All the films from all the editions, including those subsequently removed, presently totalling 1177. An easy way of seeing how…
F for Fake
A documentary about fraud and fakery.
In 1977 when I was living in Orson Welles' garage, he let me watch his personal print of F for Fake. Here is an excerpt from the review I published at the time: img18.imageshack.us/img18/2886/rd1h.jpg
Well. Uh... This was a documentary.
My brain is fucked
The silver screen. The projector lights up and we tune in. Visuals, sound, and collective communion flow out of the screen like an intense heat wave. These images, these feelings, these ideas; how real are they really? The cinema has always been praised for its spectacular bursts of originality and imagination, carrying the worries, pains, and troubles of the audience away into a clouded fog, a fog that vanishes simultaneously along with the remembrance of reality.
However, what if the fog itself is an illusion, crumbling the very fabric of the cinema into a dusty whiff of salty popcorn? Orson Welles' F for Fake doesn't just tear the concept of deception to shreds, but it also assembles a new form;…
I started at the top and have been working my way down ever since.
I couldn't understand why people would call this a "film essay" as apposed to a documentary. Now that I've seen it, I clearly understand the distinction, but I'll be damned if I could explain it to anyone. It's less a documentary and more like overhearing a conversation at a party. You have Orson Welles telling you a story, almost as it comes to him, in the most entertaining way he knows how.
The film really does feel like a half hazard conversation that Welles is telling you as he remembers random facts, but it's too expertly put together to REALLY be so random. Sure…
Still an enthralling trap door of a film, dropping the viewer into a haunting labyrinth of soothing narration, entrancing imagery and magical poetry. Worth watching just to witness the stream of impressions flash by like a scattering family of rabbits.
I once was asked how I felt about Orson Welles. I didn't know where to start, how to begin, or if it was even possible to sum up into words exactly how I felt about him. I could not summon the right words to describe the great conjurer of images. I explained that Orson Welles was a renaissance man, that he was a one of a kind individual, a prodigy, and an absolute genius. I described a behemoth of a man that was the undisputed master of art, the overlord of film, and the ruler of of the senses. I explained how he saved my life time and time again with his art. I described an unending genius that grows…
A movie that has both falsehoods and truth on about 43 different levels... I won't say much else but that I can't wait to watch it again.
Cool movie; sort of an antecedent to "Exit Through The Gift Shop." Welles, again, way ahead of his time. An hour of it would have been fine.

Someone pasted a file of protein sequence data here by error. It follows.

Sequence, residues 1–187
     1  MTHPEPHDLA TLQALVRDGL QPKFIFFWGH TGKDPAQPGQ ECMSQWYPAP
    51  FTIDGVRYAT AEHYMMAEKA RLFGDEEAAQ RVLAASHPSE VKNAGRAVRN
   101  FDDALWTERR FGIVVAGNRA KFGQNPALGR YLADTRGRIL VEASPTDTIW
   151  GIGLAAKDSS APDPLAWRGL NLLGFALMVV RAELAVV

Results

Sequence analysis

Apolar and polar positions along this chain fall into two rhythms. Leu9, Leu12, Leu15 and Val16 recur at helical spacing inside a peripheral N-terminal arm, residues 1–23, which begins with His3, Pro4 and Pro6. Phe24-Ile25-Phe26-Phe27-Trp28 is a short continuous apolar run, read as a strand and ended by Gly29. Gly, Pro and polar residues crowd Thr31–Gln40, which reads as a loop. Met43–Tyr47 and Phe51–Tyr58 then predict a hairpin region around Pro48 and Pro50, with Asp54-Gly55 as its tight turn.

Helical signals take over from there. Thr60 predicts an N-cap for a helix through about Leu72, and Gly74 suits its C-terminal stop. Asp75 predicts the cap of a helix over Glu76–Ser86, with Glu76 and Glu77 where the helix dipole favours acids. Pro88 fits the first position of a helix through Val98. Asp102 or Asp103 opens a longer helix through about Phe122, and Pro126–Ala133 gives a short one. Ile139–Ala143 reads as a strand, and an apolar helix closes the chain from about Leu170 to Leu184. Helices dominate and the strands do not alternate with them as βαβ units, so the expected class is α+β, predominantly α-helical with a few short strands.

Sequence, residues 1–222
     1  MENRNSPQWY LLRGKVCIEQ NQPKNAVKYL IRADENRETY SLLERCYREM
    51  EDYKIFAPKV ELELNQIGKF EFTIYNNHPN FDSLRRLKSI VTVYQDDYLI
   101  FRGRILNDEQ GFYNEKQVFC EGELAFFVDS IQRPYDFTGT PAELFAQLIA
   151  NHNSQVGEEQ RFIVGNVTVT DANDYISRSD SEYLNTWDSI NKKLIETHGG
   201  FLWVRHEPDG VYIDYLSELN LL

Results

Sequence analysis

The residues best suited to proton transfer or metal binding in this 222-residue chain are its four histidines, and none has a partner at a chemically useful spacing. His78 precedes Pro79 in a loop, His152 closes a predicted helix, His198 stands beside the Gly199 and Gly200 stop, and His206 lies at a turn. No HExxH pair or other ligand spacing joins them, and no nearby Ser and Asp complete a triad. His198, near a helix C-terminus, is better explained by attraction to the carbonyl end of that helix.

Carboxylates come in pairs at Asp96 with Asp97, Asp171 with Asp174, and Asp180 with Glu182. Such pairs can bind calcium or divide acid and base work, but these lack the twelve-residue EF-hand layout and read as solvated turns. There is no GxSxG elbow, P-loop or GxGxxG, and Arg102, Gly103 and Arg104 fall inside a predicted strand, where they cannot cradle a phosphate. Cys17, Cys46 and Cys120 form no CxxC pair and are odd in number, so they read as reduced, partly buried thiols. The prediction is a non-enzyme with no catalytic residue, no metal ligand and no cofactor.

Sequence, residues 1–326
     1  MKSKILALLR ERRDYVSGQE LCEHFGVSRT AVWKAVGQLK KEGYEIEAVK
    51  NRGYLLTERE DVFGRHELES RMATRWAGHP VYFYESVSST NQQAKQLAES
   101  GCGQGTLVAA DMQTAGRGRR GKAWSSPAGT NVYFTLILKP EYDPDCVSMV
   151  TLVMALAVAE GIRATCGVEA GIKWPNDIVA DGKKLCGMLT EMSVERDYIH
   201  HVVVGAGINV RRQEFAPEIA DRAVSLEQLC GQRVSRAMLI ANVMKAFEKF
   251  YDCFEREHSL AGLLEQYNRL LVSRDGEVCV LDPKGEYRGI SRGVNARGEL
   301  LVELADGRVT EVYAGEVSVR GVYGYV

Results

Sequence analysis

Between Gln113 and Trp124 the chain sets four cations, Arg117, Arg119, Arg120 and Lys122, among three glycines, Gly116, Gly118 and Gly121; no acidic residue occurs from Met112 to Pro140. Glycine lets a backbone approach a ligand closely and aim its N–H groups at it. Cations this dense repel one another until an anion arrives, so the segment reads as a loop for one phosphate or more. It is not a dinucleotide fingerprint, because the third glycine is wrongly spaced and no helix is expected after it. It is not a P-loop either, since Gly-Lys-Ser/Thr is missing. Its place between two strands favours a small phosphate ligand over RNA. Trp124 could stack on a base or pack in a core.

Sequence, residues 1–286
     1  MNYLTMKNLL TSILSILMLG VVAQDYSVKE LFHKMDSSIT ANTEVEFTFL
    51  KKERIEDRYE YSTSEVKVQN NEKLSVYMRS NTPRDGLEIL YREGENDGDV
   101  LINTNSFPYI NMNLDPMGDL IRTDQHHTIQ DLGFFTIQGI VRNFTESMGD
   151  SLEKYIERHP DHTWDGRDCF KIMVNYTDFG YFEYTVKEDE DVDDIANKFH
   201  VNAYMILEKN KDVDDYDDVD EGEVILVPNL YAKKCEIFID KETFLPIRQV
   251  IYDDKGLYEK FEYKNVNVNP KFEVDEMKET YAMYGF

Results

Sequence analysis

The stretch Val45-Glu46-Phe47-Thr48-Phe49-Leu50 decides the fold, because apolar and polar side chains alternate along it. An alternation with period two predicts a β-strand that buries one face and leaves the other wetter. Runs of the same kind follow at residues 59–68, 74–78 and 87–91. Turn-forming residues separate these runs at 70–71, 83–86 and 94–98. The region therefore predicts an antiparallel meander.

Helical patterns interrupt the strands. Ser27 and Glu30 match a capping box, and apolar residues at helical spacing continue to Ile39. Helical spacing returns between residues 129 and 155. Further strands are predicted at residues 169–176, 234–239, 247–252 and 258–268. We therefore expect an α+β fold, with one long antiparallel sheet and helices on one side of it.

This review may contain spoilers. I can handle the truth.
Being able to see a timestamp took a bit of fun out of the "we will tell you the truth for the next hour" bit.
Similar to Exit Through the Gift Shop in that you begin to question how/if you can believe anyone who has any part in this. It's done very effectively here, but I'm not enthusiastic about some of the editing choices (notably the use of still frames, especially because I've come to associate them with video lagging).
Cinema as fakery (and magic!), and the audience as sheep: narrated and presented by the biggest charlatan of them all.
Orson Welles has maybe the most compelling male screen presence of all time. It's him or Toshiro Mifune.
40/366 for 2016
[Watched for a class]
Stunning. A roller coaster directed by a silver tongued devil of a charlatan in Orson Welles. His musings on artistic legacy, and the memory of man absolutely floored me, and the same goes for the playfully jazzy and experimental form he undertook. I'm still trying to process everything that happened, especially because it's so fast and impressionistic. I'd definitely have to watch it again, now that I know and somewhat understand the plot-based information cut around with such artistic precision. This a truly special piece, moving and worthy of remembering in a strong light. Indulgent, yes, but that semi-plays toward what Welles is exploring here. It's easy to have fly right over your head, but the aftertaste keeps you thinking you just saw something great. You're probably right. A result of a wonderful magic trick, if anything at that.
You can almost hear Orson Welles giggling with each cut, and boy are those cuts important. A masterclass in editing above all else, but also memoir as documentary, mixed in with the meaning of all art, for good measure.
Cool documentary about how art is a lie that makes us realize the truth.
Probably one of the most inventive and engaging documentaries I've ever seen. It's a captivating exploration of the famous (infamous) Art Forger Emyer, but the real joy of this film is getting to spend time with Orson Welles for two hours.
The film brilliantly, uses Art forgery as simply a front for it's true prerogative which is to undermine "accepted thinking". In fact, the film is deeply nihilistic as it tries to tear down our conventional perceptions of art, criticism, laws, morality and especially the idea of an "expert". Ultimately, the film's thesis is that we are all frauds, especially its director, Orson Welles. The most curious thing is that as a watcher I began to admire the skill with…
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UPDATED: January 28, 2016
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